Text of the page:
CR’s investigation previously found South Shore dresser, tied to death of child, was likelier to tip
WASHINGTON, D.C.—The U.S. Consumer Product Safety Commission today announced the recall of more than 300,000 dressers because they can too easily tip over onto children, potentially placing them at risk of injury or death.
The South Shore Libra 3-Drawer Chest of Drawers—sold online by retailers including Walmart and Amazon, and marketed as the Simply Basics 3 Drawer Dresser by Target—is linked to the death of a two-year-old child, and it failed Consumer Reports’ 2018 testing of the model.
“A child died when this dresser tipped over in August 2017. CR test results published seven months later found it couldn’t remain upright with a 50-pound load. And nearly 21 months after the fatal incident, the dresser is finally being recalled,” said William Wallace, Manager of Home and Products Policy for Consumer Reports.
CR conducted stability testing of this recalled South Shore model as a part of its ongoing investigation into the risks of dresser tip-over incidents to children. The dressers tested represented a cross-section of the market, and they were subjected to progressively more stringent stability tests, designed to simulate the weight of young children on them. The South Shore dresser model was not stable enough to stay upright with 50 pounds of weight hanging from an open drawer in CR’s tests.
“This recall is crucial but long overdue. Anybody who owns one should immediately get South Shore to pick up the dresser for free and provide a full refund. It’s also clear that companies and the CPSC need to alert consumers to hazards and get unsafe products off the market far faster than this,” Wallace added.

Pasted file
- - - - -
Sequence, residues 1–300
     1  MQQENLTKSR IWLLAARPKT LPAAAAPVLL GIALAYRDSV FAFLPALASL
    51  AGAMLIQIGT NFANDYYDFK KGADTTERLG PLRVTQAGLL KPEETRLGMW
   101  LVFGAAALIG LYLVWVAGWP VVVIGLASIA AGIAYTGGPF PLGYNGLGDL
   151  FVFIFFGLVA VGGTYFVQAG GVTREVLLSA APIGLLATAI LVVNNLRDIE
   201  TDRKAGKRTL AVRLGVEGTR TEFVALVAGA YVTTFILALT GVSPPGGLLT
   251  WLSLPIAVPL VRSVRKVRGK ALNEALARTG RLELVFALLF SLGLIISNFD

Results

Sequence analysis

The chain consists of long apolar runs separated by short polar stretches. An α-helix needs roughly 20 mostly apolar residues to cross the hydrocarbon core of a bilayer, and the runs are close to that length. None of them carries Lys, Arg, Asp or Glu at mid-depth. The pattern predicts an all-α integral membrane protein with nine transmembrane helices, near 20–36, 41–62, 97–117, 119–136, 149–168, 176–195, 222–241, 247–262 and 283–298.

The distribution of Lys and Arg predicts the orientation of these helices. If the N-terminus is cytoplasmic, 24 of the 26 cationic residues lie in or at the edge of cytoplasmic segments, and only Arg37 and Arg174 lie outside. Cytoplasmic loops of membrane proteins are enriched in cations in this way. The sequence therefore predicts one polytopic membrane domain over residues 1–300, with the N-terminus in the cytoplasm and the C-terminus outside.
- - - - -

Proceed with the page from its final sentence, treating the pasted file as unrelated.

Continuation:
CR has called for strong action by furniture manufacturers and the federal government to carry out recalls to protect children from dresser tip-over incidents in the home, which can lead to serious injury or even death. CR has long advocated for a stronger, mandatory standard for furniture in order to help avoid tip-over injuries and deaths. CR, other safety advocates, and the parents of children killed by dressers that tipped over also have urged the furniture industry to substantially strengthen its voluntary standard in several key ways.
CR urges consumers to secure dressers to walls to help prevent tip-overs—including through our advice in an article and video that helps consumers know how to anchor furniture—but recognizes that it is not always an option for people who rent or those who are not handy with tools. CR says that the furniture industry has a responsibility to build safer, more stable dressers, and that safety should not rely on a person’s skill at anchoring a dresser to a wall.
Contact: Barrie Rosen, firstname.lastname@example.org, 914-378-2090
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